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Training in philosophical practices

The department of philosophy of Université de Montréal in collaboration with the Institute of Philosophy, Citizenship and Youth present...

What?

Our training in Philosophy for Children (P4C) and philosophical facilitation for youth aims to introduce students to the practice and facilitation of philosophical workshops, according to P4C principles and foundations, while contributing to the re-conception of youth as a space of emerging citizenship rich in meaning and nuance.

The training offers an immersive experience in a creative, reflective learning environment. It takes the form of two intensive courses, followed by an internship. The courses are given in French, but written work can be completed in English, and internships are bilingual. Each course is given over weekends chock-full of all kinds of collaborative thinking and engaging ideas. This intensive format—which reflects a tradition in training programs focused on dialogical philosophical practices—will enable students to build their own community of inquiry, delving into the concepts and questions that matter to them most, while cultivating multidimensional thinking in order to take a critical, creative and caring look at the training's different dimensions.

In the fall, the course PHI 2450 – Principles and Methods in Philosophy for Children offers an introduction to the practice of P4C from theoretical and practical perspectives, not only by analyzing its foundations—its history, principles and methods—but also by giving students the opportunity to experience this practice firsthand in a Community of Philosophical Inquiry (CPI). The course examines the essential themes of P4C and explores the philosophical as well as educational drive of this eclectic movement, guided by a pedagogical approach that combines theory, exercises, collaborative dialogues and creative projects, drawing inspiration from the philocreation approach.

In the winter, the course PHI 3450 – Philosophical Facilitation for Youth takes the form of workshops in mentored observation and practice, enabling students to learn to plan and facilitate philosophical workshops inspired by the authentic questions of youth and supported by the traditional P4C curriculum, notably the CPI, and emerging dialogical practices, including philocreation. Thanks to rigorous theoretical aids, students familiarize themselves with the special stance required to facilitate collaborative dialogues in order to promote the deliberate use of thinking tools and inquiry intentions as well as the development of reflexive dispositions.

In the summer, students who wish to enhance their facilitation skills and benefit from the supervision and feedback of experienced practitioners can participate in an internship with one of our community partners' projects, including Brila's philocreation day camps. In addition, after completing this third stage of training, students will be able to contribute to the IPCY's community initiatives by applying to join its dynamic team, and even by pursuing graduate studies through the IPCY, within the philosophy department.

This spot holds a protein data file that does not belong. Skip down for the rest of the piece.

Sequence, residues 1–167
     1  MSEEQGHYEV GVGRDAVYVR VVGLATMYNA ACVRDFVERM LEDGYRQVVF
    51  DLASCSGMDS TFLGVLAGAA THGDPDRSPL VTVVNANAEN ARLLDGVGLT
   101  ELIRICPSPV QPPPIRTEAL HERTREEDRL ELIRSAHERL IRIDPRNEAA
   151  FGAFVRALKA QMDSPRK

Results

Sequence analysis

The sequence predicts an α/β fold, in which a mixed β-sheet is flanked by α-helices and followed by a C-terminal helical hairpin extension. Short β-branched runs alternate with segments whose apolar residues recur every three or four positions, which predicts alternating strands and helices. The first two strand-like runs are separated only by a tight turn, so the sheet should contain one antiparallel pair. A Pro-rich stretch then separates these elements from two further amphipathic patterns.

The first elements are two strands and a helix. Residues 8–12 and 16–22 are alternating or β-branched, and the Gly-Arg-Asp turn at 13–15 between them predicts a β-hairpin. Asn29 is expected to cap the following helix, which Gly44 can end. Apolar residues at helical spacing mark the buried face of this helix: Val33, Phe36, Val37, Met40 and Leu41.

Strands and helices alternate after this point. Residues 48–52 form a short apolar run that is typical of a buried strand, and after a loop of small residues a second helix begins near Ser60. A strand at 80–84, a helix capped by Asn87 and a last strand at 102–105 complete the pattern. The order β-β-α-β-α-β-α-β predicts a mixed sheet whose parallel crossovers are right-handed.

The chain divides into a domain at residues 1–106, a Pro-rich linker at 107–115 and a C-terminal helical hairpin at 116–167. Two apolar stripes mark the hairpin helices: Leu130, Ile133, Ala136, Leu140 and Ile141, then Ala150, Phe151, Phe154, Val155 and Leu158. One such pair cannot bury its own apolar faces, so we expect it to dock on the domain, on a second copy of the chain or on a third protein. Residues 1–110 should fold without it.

Who?

This training is designed for students who like to think together, who appreciate creative projects and who value emergent pedagogy. It may be of interest to students in field as varied as philosophy, education, psychology, social work, performing arts and social sciences, and is particularly relevant for individuals involved in activism, community development and youth empowerment.

 

Student testimonials

"I feel like in my life generally, I only use a very small part of my brain... but by the end of the first evening of the course, my whole brain was lit up! It's been so long since I have felt this way, it's almost the physical joy of thinking! I am so grateful to have had this experience."

— Ellen, volunteer coordinator for a community organization

"It is an experience of alternative philosophy. For those of us who have a background in philosophy, throughout our schooling, we are literally programmed to think or work in certain ways. This course opens and welcomes new perspectives, and allows a real practice of philosophy." 

— Vincent, philosophy masters graduate and student in education

"We quickly recognized others' faces, then their names, their ways of being... and thinking! This is something that I don't see very often in student mobilization, which is dominated by confrontation and debate. We were able to talk about questions that are very deep and important, and yet I always came out of the course very happy, even if my ideas had been completely destabilized. Obviously there is material to learn, but I also realized how much I can learn from others, while engaging with others and building authentic relationships. Since then, I try to integrate this mode of dialogue in the activism meetings in which I participate and I've noticed such a big difference!"

— Dalie, activist and student in political science and philosophy